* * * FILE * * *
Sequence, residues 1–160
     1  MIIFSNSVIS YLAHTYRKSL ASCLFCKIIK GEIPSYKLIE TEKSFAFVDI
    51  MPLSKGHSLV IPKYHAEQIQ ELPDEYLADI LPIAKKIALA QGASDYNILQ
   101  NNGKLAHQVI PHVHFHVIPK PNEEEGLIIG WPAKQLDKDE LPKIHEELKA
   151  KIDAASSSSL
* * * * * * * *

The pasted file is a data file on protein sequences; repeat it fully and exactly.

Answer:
Sequence, residues 1–160
     1  MIIFSNSVIS YLAHTYRKSL ASCLFCKIIK GEIPSYKLIE TEKSFAFVDI
    51  MPLSKGHSLV IPKYHAEQIQ ELPDEYLADI LPIAKKIALA QGASDYNILQ
   101  NNGKLAHQVI PHVHFHVIPK PNEEEGLIIG WPAKQLDKDE LPKIHEELKA
   151  KIDAASSSSL